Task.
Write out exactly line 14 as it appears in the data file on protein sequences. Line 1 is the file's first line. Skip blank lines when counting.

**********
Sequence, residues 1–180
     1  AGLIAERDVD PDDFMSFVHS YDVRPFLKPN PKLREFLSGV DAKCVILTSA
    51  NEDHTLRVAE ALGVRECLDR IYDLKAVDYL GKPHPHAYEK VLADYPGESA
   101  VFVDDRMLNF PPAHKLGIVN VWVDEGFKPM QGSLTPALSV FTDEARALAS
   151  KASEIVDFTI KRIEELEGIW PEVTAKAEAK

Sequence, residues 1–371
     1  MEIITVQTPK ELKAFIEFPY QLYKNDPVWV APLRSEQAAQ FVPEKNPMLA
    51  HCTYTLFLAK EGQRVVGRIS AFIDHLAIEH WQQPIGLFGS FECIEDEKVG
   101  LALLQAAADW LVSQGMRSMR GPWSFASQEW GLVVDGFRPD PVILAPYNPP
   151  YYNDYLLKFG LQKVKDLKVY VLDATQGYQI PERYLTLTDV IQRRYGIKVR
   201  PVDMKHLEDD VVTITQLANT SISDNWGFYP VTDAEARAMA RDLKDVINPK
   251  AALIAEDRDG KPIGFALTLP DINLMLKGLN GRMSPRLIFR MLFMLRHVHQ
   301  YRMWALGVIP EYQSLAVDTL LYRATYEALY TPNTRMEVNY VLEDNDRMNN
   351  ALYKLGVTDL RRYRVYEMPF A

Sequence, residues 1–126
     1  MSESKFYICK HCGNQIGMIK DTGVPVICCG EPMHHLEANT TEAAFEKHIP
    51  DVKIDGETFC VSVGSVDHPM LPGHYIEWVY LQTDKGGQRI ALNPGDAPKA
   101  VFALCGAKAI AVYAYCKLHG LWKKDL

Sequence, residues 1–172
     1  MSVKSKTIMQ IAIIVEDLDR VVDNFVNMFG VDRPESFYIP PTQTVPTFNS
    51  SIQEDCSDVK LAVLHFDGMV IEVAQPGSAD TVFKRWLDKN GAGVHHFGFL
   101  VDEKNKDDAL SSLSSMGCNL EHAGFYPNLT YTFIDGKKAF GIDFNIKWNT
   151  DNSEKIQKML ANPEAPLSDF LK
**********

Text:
   351  ALYKLGVTDL RRYRVYEMPF A